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Ribbons and Spheres | Arts & Activities
10
Feb 2016

Ribbons and Spheres

Ribbons and Spheres

As the “Introduction to Art” teacher, a diverse group of students from grades 9–12 attend my classes, all with varying levels of interest and ability. I have found that I need to ease the classes in to new skills and concepts, one baby step at a time.

Learning to draw from life can be intimidating. Sighting proportion and placement is a challenge for new artists. This project removes some of these variables and gives them a manageable genuine introduction to still life.

To prepare for this project, I cut sheets of foam insulation board into 12″ x 12″ pieces, which I then paint one color. I attach ribbon to these boards with T-pins, being sure to create a variety of curls and twists. I then add old Christmas ornaments of various sizes, hot gluing them to the boards. Empty paper boxes and binder clips serve as the stands. (I provide one still-life arrangement for every two students.)

The project begins with each student receiving a 12″ x 12″ sheet of tagboard and circle patterns that correlate to the sizes of the ornaments. They place the circles on their papers in the correct position, as I talk with them about sighting where the ornaments fall in the composition, as well as their relationship to each other. Once the circles are placed correctly, the students trace them onto their tag board. (Be sure students save these circles for use in the final step of the project.)

Before they begin to draw the ribbon, I assist students in what to look for by projecting a photo of the still life on a whiteboard, and tracing some of the major shapes I see. When the projector is turned off, the drawn shapes are visible on the whiteboard. (This could also be done with printed photos of the still life and each student tracing the shape on transparency paper.)

Students then begin sketching the ribbons with No. 2 pencils. Once finished, they shade the ribbons using a softer 6B pencil. The slight sheen of the ribbon helps create areas of value that are easy for beginners to see.

Once the ribbons are fully shaded, a thin border is drawn around them, leaving a narrow band of white in-between (this strip of white serves to highlight the ribbons). The background is then painted with acrylics up to the pencil border and the art is set aside to dry.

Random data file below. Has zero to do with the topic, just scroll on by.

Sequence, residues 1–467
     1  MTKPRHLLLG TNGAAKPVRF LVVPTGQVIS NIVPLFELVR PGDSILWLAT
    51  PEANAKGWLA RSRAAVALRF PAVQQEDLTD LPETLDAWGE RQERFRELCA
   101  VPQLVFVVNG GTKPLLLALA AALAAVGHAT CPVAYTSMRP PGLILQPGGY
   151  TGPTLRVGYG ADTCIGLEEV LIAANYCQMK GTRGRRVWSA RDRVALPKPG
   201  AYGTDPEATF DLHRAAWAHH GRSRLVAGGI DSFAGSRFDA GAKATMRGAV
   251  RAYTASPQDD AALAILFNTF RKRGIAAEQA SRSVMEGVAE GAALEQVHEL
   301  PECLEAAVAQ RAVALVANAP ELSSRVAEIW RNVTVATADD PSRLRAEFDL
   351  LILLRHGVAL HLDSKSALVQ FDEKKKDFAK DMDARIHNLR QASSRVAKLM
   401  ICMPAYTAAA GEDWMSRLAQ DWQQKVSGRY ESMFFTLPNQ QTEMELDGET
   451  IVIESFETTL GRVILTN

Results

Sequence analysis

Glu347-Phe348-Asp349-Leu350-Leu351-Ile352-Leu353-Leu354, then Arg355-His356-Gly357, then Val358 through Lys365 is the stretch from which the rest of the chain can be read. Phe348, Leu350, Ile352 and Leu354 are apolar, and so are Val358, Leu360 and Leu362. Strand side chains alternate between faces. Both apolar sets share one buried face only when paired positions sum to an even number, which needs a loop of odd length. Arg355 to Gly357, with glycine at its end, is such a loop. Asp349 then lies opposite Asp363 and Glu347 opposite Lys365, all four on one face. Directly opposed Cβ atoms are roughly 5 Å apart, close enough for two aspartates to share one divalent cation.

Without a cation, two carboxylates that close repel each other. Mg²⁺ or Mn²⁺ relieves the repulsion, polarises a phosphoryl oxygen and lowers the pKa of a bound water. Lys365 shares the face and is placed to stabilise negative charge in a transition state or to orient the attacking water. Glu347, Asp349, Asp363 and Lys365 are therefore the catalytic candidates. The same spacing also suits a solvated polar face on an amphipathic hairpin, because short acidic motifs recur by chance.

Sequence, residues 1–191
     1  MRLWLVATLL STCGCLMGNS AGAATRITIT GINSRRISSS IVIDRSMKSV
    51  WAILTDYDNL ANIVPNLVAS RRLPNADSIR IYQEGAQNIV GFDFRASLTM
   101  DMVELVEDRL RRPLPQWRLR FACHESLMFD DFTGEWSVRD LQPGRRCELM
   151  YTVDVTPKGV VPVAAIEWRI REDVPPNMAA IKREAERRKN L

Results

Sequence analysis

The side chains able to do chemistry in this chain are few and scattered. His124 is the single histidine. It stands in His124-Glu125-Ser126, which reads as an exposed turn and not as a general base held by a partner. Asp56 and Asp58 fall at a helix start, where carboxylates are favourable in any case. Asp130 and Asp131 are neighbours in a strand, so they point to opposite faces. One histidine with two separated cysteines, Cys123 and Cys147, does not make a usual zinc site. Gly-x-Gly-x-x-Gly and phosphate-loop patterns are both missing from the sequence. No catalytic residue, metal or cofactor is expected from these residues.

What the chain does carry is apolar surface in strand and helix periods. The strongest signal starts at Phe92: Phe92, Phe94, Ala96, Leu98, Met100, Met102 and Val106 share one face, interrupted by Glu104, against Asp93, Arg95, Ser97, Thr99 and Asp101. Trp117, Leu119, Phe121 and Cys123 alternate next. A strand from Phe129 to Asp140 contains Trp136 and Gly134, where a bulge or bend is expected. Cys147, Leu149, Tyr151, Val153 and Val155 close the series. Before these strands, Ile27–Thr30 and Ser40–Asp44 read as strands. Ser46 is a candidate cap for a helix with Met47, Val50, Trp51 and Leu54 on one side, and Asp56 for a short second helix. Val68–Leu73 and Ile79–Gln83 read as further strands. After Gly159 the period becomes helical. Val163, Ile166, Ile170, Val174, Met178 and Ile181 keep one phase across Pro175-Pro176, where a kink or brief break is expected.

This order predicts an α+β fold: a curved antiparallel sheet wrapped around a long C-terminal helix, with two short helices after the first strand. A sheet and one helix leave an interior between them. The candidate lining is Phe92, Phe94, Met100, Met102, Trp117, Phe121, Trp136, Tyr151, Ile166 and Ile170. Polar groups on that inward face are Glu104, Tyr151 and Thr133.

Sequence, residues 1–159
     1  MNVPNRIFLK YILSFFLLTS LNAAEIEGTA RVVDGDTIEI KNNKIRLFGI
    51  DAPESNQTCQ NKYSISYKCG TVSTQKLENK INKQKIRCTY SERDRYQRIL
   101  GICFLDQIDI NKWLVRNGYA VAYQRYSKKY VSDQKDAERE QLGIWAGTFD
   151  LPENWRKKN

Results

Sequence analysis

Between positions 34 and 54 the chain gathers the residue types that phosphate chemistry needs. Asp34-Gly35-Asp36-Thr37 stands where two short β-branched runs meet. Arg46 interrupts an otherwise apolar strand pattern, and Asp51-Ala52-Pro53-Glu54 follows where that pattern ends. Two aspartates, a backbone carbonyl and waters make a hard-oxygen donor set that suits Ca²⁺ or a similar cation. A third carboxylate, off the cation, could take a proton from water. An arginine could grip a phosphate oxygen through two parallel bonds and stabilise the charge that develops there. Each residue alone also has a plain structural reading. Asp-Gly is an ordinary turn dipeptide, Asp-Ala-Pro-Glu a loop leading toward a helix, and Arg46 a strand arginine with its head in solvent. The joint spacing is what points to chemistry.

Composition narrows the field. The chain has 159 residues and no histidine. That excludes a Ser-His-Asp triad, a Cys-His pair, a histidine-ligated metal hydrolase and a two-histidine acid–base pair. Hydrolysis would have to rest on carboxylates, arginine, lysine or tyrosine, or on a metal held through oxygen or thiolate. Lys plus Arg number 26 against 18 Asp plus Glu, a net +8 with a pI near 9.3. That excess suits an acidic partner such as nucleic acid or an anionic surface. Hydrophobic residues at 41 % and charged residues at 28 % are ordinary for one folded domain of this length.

The circles are to be filled with lyrics from students’ favorite songs. Each arranges them how they want, and uses varying typefaces if they wish. They print out their lyrics, trace the circle patterns on the back, cut them out, and then glue them onto their projects.

This has proven to be an effective introduction to still life. With the variable of proportion removed from the equation, students can instead focus on drawing what they see, and practicing sighting and shading.

The students also enjoy the opportunity to express themselves through their choice of lyrics. This project could easily be coordinated with the language-arts teacher, with students filling the circles with poems or passages they are studying in class.

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Insulation board, ribbon, ornaments, T-pins and hot glue make up the still-life arrangement.

 

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Alexis

 

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Jediah

 

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Cheyenne E.

 

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Sheryl

 

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Deron

 

LEARNING OBJECTIVES
High-school students will …
• draw from life.
• learn to only draw what they see.
• sight proportion and placement
• learn how to shade.

NATIONAL ART STANDARDS
• Creating: Conceiving and developing new artistic ideas and work.
• Responding: Understanding and evaluating how the arts convey meaning.
• Connecting: Relating artistic ideas and work with personal meaning and external context.

MATERIALS
• Still-life arrangement (ribbons, ornaments, foam insulation board, T-pins
• 12″ x 12″ white tagboard
• Acrylic paint, paintbrushes
• No. 2 and 6B pencils
• Glue sticks, tape, scissors


Rebecca Tarman teaches art at Fairfield Junior Senior High in Goshen, Ind. 


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